the soldiers had lived in Brussels for some months the group of
friends must have thought how they could get them back home to Britain.
The obvious route as a Channel crossing or air pick-up seemed too
difficult was through France, over the Pyreness and into neutral Spain.
They could then be taken to Gibraltar the British territory and naval
base in the south of the country. Already many Belgians had used this
route to escape from occupied Europe and join the British army or the
RAF. A young Belgian girl Andree
Dejongh (Dedee) who had like
Louisa Deloge had also been nursing injured British soldiers became the
means of escape for the trapped soldiers. It is interesting that she
also worked in the advertising department of the SOFINA company, Baron
Donny was a director of the company so probably they knew each other and
that's the link to the soldiers from Parike and Dedee the inspiration of the Comete Escape Line.
|The identity of the soldier who was the first Comete line escaper has always been a bit of a mystery to
Escape & Evasion researchers. Airey Neave calls him Colin Cromar in his book "Little Cyclone" and
Professor M.R.D. Foot & J.M. Langley in "MI9 Escape and Evasion 1939-1945" say he was called Colin Cupar and even
in the newly published "Home Run" by John Nichol & Tony Rennell he's called Colin Culpar. Colonel Remy in "Reseau
Comete" also called him Colin Cromar but Cecile Jouan's "Comete - Histoire d'une ligne d'evasion" named him as Jim Cromar which my research
at the National Archives proved to be the correct name. James CROMAR a Private in the 1st Gordon Highlanders from Aberdeen.
In 2005 I was able to trace his family and they kindly sent me the photo you see on this page for which I am very grateful to them.
The family told me his surname is pronounced in Aberdeen style as Krr-Mar and he was known in his army days as "Mad Cromar".
On the POW's march from St. Valery-en-Caux he tried to escape by diving into a canal, drowning, his life was saved by one of the German guards.
With the difficulties with knowing his correct name and finding the family after so many years had passed I was rather proud to obtain this
historic piece of Comete Line history and enable us to see the man himself.
If you wish to use the photograph in any publication or website I would ask that you give credit to www.belgiumww2.info
In June 1941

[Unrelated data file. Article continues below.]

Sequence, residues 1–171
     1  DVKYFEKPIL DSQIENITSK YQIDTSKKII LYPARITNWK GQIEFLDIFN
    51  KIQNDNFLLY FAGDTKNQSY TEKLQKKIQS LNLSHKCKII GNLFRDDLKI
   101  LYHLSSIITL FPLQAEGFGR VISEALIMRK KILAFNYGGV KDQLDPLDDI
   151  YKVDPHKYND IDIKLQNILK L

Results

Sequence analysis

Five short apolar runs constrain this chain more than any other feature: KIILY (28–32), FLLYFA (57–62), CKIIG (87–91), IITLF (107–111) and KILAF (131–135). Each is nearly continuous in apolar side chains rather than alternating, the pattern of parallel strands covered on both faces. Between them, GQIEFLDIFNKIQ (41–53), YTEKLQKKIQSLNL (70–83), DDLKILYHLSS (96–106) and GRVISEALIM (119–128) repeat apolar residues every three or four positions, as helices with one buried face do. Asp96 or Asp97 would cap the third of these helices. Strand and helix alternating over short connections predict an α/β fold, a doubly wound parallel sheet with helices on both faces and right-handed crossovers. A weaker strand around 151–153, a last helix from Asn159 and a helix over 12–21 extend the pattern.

Dedee and Arnold Deppe who had also assisted in the hiding of the
soldiers, worked out a route through Bayonne where Deppe had once lived.
The first intention was to help Belgians wishing to reach Britain but
it soon became obvious that the British soldiers could also escape this
A contact of Deppe in the Societe Generale Bank. Monsieur
gave him the address of a
Madame Elvire DeGreef a
Belgian from the Brussels suburb of Etterbeek who had been living with
her family in the town of Anglet after fleeing the advancing German
army. Appert knew that Madame Degreef would be willing to help as she
had already offered her services in any capacity.
Deppe took the first reconnaissance trip down the escape line in June
1941, he was assisted in the crossing by boat the Zone Interdite at the
village of Hamelet on the River Somme by Nenette a country woman.
Travelling on by train through Paris and Bayonne Arnold Depee arrived
at Anglet where Madame DeGreef introduced him to Elisade a Basque who
in turn introduced him to the chief of the mountain guides. Arnold
returned to Brussels knowing he had the contacts to make the escape
In July 1941 Dedee joined Arnold in taking a party of 10 Belgians an
Englishwoman "Miss Richards" or Mlle. Dupuich and another person down
the line to Spain. Once they reached Hamelin and the River Somme They
used a Basque guide called Tomas ENA to take them over the mountains.
Once they arrived in Spain though the Belgians were all arrested by the
Spanish police and three of the Belgian officers were taken back across
the border and given to the Germans. Dedee thought that in future she
would take her charges straight to the British consul at Bilbao.
De Jongh home in Avenue Emile Verhaeren and Frederic De Jongh school in Rue Gaucheret, Schaerbeek, Brussels.
Returning again to Brussels Arnold and Dedee assembled a party of eight
Belgians and a Scottish soldier, an escaper from the prisoners taken at
St Valery a large fair-haired man from Albyn place, Aberdeen called
Private James Cromar known as "Jim" . Two more Scottish soldiers were
due to join the party but they were arrested. Corporal Enoch BETTLEY
and Private Samuel SLAVIN were recaptured on the 14 August at the house
of Madam Augusta MARIOUX and her daughter in Rue Rogier, Scharbeek and
taken to St.Gilles prison. They were kept there for sixteen days,
interrogated and beaten daily. They were then sent to POW Camp in
Germany. The D'Looge family back in Parike were surprised to receive a
letter from them in the camp some time later.
The party left for the South. Arnold took six Belgians and travelled on
the train through Lille. Dedee the other two Belgians (called MERCKIERS and Jean STERCKMANS) and Jim Cromar
travelled through Valenciennes and there met up with a French soldier, Charles MORELLE
who had escaped from Germany and had been hiding in Brussels, and his sister Elvire.
Charlie and Elvire agreed to help in the escape line. Arnold failed to
arrive at their rendezvous at Hamelet on the Somme so Dedee continued
through Bayonne, Anglet and St John de Luz. Crossing the Pyrenees on
the 17th August 1941 she took Cromar straight to the British Consul at
Bilbao and spoke to the Vice-Consul Arthur Dean. Dedee then waited
three weeks in Bilbao while arrangements were made to reimburse her
expenses by the consul.